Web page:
Anchor and Windlass
Rocna 25kg primary anchor + 225′ 5/16″ G4 chain + 300′ 5/8″ nylon three-strand

Fortress FX-37 + 45′ 5/16″ G4 chain + 350′ 1/2″ nylon three-strand.  The anchor is stored dismantled in a special bag, the chain lives in a canvas bag strapped to the base of the mast, and the extra rode is forward in the sail locker.

Maxwell VW2200 electric windlass.  This is a vertical capstain and chain gypsy on a central shaft, the windlass is mounted horizontally just below deck level inside the chain locker, the motor is inside the boat and protected from water intrusion.  The gear box is a splash-oil design and there are two angles at which the gear box will splash oil when mounted horizontally, one of them fit into the chain locker design.  There are two on-deck foot switches for up/down purposes.  I always power down the anchor using the windlass, it’s slower than releasing the brake but lowering the anchor with the windlass provides complete control of the chain’s movement.  The chain runs out through a chain stopper, over a modified bow roller – modifications were to fit the bow shape and later, when I changed anchors to the Rocna, to fit the anchor.

Snubber is three-stand 5/8″ nylon done up with three legs.  In use one leg goes to each bow cleat through anti-chafing gear, and the longer central leg is tied to the anchor chain via rolling hitch.  Using a metal chain hook causes damage to the chain’s galvanizing, and the metal hook can bend and then no longer work correctly – tying the snubber to the chain avoids those two issues.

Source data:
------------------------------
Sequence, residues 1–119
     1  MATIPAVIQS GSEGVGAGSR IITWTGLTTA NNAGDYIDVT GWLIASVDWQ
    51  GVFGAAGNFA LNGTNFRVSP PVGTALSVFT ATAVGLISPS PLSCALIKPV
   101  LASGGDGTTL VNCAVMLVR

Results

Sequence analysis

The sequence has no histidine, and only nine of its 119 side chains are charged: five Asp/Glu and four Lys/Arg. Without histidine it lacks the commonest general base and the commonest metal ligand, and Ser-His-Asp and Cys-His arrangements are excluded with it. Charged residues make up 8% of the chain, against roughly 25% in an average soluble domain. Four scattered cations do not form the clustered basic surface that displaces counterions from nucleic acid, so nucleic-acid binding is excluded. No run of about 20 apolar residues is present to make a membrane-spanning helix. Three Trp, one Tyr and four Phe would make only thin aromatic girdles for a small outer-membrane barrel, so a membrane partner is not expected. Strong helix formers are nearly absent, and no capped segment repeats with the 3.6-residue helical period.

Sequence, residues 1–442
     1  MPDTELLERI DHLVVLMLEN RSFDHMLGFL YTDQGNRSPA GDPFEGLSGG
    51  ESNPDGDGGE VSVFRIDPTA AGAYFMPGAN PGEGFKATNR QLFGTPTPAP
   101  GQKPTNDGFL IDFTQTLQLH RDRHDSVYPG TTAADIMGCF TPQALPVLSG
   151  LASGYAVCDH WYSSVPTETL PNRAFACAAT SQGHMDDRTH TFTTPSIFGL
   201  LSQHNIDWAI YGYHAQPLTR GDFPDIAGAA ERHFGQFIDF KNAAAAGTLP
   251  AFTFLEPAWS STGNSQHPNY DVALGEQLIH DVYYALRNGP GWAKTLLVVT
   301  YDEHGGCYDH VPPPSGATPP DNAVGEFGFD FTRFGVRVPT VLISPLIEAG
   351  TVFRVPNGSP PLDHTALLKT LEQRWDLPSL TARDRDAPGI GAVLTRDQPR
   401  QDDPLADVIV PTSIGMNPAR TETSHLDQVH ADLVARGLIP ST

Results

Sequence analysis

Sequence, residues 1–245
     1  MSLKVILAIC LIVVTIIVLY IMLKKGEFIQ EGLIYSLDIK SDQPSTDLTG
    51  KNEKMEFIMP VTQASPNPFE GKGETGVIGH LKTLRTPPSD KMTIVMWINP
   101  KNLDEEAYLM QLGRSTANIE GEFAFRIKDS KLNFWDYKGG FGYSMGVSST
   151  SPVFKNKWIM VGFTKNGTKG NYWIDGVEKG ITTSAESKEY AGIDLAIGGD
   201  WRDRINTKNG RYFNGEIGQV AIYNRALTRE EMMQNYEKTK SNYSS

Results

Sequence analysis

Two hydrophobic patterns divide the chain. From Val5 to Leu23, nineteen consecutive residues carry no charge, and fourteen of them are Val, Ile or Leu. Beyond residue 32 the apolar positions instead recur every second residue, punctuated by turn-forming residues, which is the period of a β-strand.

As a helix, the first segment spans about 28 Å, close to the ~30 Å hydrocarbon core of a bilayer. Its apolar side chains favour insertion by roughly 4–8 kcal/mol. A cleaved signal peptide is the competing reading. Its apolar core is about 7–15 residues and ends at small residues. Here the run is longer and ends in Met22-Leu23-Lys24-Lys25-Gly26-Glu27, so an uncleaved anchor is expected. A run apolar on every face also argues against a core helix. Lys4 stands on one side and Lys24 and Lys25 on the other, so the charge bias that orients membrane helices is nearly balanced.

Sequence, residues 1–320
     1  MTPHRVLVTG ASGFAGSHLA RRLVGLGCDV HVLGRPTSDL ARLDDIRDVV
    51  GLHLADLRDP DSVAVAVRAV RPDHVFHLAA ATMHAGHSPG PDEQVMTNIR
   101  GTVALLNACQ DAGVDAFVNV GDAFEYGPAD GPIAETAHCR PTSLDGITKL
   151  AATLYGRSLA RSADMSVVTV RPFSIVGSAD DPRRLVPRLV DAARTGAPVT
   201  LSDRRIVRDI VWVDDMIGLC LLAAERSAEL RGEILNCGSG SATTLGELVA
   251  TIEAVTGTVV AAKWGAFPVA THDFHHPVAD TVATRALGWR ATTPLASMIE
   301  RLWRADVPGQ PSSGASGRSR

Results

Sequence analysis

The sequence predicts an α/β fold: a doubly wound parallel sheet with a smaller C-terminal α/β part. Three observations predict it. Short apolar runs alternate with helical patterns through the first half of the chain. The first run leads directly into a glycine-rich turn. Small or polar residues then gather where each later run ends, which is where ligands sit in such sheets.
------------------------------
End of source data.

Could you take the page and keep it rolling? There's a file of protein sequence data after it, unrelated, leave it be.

Dinghy and outboard motor
Achilles SPD-310E hypalon inflatable with 5 solid boards that make up the floor.  Hypalon is softer and handles the sun better than PVC whereas PVC is hard and handles barnacles better than Hypalon.  In the Pacific Northwest barnacles are a bigger concern than sun, down south the sun is a bigger concern than barnacles – I went with Hypalon.

Mercury 9.9 HP 4 stroke outboard.  This is basically a Tohatsu 9.8 4 stroke head with some tweaks to the exterior by Mercury; all of my Nissan 9.8 parts work on the Mercury motor.  I wrecked the Nissan 9.8 when the dinghy was rolled by a small wave in Bahia Santa Maria and the motor spent several minutes drifting back and forth in the sand – there was sand entirely through the engine.  Sourcing a replacement motor in Puerto Vallarta turned up the Mercury 9.9, and that motor has worked well for the dinghy.  I no longer run the dinghy in through surf with the motor attached – oars will work for that occasion.